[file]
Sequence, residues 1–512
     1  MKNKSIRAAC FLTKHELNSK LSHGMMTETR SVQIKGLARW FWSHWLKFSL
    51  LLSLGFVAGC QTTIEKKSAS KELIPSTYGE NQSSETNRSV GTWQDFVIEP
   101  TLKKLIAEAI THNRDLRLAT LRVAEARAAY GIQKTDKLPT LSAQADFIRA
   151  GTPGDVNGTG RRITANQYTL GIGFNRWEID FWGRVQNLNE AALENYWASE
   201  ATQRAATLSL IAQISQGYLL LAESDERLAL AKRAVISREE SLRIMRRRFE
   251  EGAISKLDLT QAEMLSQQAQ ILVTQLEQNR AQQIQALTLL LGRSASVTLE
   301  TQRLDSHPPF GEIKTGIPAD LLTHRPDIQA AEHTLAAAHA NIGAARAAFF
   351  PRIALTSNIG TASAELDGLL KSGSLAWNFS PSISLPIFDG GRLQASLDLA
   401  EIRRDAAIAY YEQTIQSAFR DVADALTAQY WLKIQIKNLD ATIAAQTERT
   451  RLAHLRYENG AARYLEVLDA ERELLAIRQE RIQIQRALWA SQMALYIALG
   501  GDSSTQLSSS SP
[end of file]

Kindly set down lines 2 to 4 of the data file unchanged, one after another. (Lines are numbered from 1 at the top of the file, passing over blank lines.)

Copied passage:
     1  MKNKSIRAAC FLTKHELNSK LSHGMMTETR SVQIKGLARW FWSHWLKFSL
    51  LLSLGFVAGC QTTIEKKSAS KELIPSTYGE NQSSETNRSV GTWQDFVIEP
   101  TLKKLIAEAI THNRDLRLAT LRVAEARAAY GIQKTDKLPT LSAQADFIRA